p. 1175


Bennewell Hagy, resident of Reading, who for many years was engaged at the Philadelphia & Reading Railroad Company's shops as boiler-maker. He was born Sept. 21, 1833, in Lancaster Co., Pa., and died in Reading in 1900.

J. Hagy, grandfather of Bennewell, lived near Schoeneck, Lancaster county. To him and his wife Elizabeth were born children as follows: George, Jacob, Henry, David, Samuel and Elizabeth (m. to Bernhard Byerle).

Samuel Hagy, father of Bennewell, was born in 1796 in Lancaster county, and his death occurred in 1851. He married Elizabeth Wildt, and to them were born eleven children, as follows: Sarah, m. to Jacob Barr; Catherine, m. to Isaac Hiester; Harriet m. to G. W. Hantsch; Edward; Adam; Obed; Lydia, who died young; Bennewell; Abraham; Mary, m. to Joseph Masseno; and Benjamin F. In religious belief Mr. Hagy was a Lutheran, while his wife was a member of the Methodist faith.

Bennewell Hagy received his education in the schools of Lancaster county, and in his youth worked on a farm for several years. Locating in Reading, he entered the employ of the Philadelphia & Reading Railroad Company, with which concern he was connected the remainder of his life. Mr. Hagy was married (first) to Sarah Eisenbise, and to them were born thirteen children, six of whom are now living; Warren m. Sarah Miller, of Reading; Sadie m. Edward Keen, of Philadelphia; Jennie m. Robert Thompson and resides at Philadelphia; Harriet is a dressmaker at Whitners; Mary m. Cyrus Kissling, of West Catasaqua; and George, of Philadelphia, m. Ella Cressman. After the death of his first wife Mr. Hagy was married (second) to Sally Ann Ebling, born in 1831 in Longswamp township, Berks county, daughter of David and Polly (Taller) Ebling, and widow of David Francis. No children were born to the second union. In religious belief Mr. Hagy was a Methodist, while his widow is a member of the Reformed Church.


p. 693


William Hagy, a venerable resident of the city of Reading, who is now spending the autumn of life in the enjoyment of the fruits of his earlier years of toil, was born in West Cocalico township, Lancaster county, Pa., Dec. 12, 1825, and represents a family long identified with that part of the country.

Henry Hagy, his paternal grandfather, is supposed to have been a native of Lancaster county, and certainly all his active life was passed there, operating a farm which he owned near Schoeneck. He was also an expert weaver, and according to the custom of those Revolutionary days, spent much time during the winter months in weaving into cloth the flax that had been raised on his own farm and then spun. He married Miss Catherine Stover, and both lived to advanced age, his death occurring in 1844, and hers in 1837. They were members of the Lutheran Church. Their nine children were: Henry, John, George, Samuel, David, Catherine, Elizabeth, Jacob and Eve.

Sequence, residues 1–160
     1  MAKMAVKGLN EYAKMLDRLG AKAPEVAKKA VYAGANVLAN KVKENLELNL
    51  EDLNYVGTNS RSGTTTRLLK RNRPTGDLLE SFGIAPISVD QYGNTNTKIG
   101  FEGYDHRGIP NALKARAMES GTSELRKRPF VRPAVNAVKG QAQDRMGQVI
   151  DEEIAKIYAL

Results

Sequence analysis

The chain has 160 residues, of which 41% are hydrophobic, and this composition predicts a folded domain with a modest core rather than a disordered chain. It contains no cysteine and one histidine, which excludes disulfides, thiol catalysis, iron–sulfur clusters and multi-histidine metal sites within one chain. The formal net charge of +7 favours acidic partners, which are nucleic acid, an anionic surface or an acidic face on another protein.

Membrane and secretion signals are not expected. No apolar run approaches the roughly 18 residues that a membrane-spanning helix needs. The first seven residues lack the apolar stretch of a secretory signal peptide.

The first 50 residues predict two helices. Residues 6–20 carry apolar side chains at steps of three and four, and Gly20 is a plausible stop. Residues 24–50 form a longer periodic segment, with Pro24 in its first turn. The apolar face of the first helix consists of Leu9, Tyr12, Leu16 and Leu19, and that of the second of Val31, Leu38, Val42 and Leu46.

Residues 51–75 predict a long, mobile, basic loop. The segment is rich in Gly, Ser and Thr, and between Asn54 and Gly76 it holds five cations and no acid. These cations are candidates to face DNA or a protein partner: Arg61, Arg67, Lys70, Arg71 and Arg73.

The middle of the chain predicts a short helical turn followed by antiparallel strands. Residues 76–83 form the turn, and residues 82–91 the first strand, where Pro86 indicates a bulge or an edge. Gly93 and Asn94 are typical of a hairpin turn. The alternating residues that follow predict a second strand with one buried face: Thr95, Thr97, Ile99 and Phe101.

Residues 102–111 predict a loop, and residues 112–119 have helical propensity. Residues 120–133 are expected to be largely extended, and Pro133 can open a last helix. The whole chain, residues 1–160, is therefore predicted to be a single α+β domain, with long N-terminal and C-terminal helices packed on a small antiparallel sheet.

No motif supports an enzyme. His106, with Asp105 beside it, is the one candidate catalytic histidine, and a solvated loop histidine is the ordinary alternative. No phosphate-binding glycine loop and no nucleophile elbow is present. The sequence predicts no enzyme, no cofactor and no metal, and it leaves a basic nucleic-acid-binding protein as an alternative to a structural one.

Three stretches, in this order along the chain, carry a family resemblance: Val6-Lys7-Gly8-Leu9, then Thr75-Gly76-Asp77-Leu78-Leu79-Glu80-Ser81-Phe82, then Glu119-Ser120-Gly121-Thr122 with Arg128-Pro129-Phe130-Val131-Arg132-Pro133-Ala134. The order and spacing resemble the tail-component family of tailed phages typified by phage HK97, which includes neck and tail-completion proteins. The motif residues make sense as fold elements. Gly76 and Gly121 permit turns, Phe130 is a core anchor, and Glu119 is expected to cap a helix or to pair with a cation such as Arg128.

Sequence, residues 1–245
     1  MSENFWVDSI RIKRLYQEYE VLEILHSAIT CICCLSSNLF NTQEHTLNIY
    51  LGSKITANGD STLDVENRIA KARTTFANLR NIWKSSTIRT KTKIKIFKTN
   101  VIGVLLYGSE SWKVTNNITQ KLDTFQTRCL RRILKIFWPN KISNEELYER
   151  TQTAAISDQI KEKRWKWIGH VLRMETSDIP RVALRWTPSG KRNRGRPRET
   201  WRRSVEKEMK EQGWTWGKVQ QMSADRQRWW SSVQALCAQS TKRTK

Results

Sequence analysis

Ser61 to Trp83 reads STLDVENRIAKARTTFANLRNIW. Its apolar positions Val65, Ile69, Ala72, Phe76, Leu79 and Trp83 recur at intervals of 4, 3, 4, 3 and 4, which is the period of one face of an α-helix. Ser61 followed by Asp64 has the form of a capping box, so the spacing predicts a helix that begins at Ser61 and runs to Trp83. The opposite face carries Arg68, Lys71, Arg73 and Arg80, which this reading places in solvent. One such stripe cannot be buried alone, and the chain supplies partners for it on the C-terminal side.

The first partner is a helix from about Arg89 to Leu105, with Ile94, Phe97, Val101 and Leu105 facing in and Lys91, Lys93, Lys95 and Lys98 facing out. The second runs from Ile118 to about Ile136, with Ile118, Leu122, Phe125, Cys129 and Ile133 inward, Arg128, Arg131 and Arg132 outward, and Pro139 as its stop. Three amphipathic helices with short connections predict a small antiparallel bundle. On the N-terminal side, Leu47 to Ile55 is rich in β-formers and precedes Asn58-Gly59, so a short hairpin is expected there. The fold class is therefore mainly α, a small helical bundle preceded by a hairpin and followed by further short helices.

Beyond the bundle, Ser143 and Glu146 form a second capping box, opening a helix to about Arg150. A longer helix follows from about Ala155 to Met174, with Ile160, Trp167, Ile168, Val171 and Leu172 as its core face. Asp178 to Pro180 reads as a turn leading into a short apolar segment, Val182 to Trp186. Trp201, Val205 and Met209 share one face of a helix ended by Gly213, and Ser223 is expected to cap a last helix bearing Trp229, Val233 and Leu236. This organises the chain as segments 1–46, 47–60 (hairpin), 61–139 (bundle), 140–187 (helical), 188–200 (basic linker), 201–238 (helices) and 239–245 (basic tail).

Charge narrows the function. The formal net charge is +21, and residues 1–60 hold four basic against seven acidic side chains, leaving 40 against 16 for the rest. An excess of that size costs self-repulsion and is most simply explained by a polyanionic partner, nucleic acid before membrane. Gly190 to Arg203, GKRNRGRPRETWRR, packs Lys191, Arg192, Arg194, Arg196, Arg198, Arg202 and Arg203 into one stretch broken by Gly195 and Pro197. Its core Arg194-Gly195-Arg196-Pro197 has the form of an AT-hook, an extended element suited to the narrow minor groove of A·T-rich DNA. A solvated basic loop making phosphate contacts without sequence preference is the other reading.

Jacob Hagy, father of William, was born in 1795, and lived only to the age of thirty-five. He owned a small farm, which he had operated, and his family were left in straightened circumstances. His wife was Miss Catherine Trich, and they had three children, namely: William; Lydia m. George Sindel; and Elizabeth, who lives at Reamstown, is the widow of the late Joseph Bechtel. Mrs. Hagy survived her husband until Nov. 4, 1867, when she died aged sixty-nine years, one month and eighteen days. In her latter years she was a member of the Mennonite church.

William Hagy was sent to the schools of Lancaster county, but his father's untimely death compelled him to shift for himself at an early age, and he was hardly more than a boy when he became an apprentice to a tailor to learn the trade. After four years' service he was released in 1844, and the following year came to Reading, where he has ever since resided. He found employment at first with James Jameson, and worked with him till 1853, when he started in business with William Donahower, the partnership lasting eighteen months. He then went to Eighth and Penn streets, but at the end of three months moved to North Fifth street, remaining one year. In the spring of 1867 he located at No. 701 Penn street, where he remained till his retirement in 1892. Mr. Hagy still owns the property and retains an office on the premises, spending some time there each day looking after his affairs. He was always industrious, upright in his dealings and wide awake to every opportunity, so that his success was justly due.

On May 10, 1849, Mr. Hagy married Miss Sarah Ann Bitler, daughter of Elisha Bitler, of Robeson township, Berks county. A family of nine children were born to them, of whom seven lived to mature years, viz.: William D.; Harry B. is treasurer of the Pennsylvania Trust Company, of Reading; Irwin A. resides at Philadelphia; Mary E. m. (first) Henry A. Hetrick, son of John Hetrick, of Reading, and (second) Matthan Harbster, of Reading; Emma C. m. Thomas Shaneman, of Lebanon; Anna E. m. Park John, of Reading; and Sarah J. m. A. J. Geiger, a shoe merchant of Reading. The wife and mother died Jan. 16, 1907, aged eighty years and eleven months. Mr. Hagy has been for years a Methodist in his religious faith, having united with that denomination when a young man, and he now holds membership in St. Peter's M.E. Church. In politics he is a Republican.

Last Modified Thursday, 16-Oct-2008 20:54:23 EDT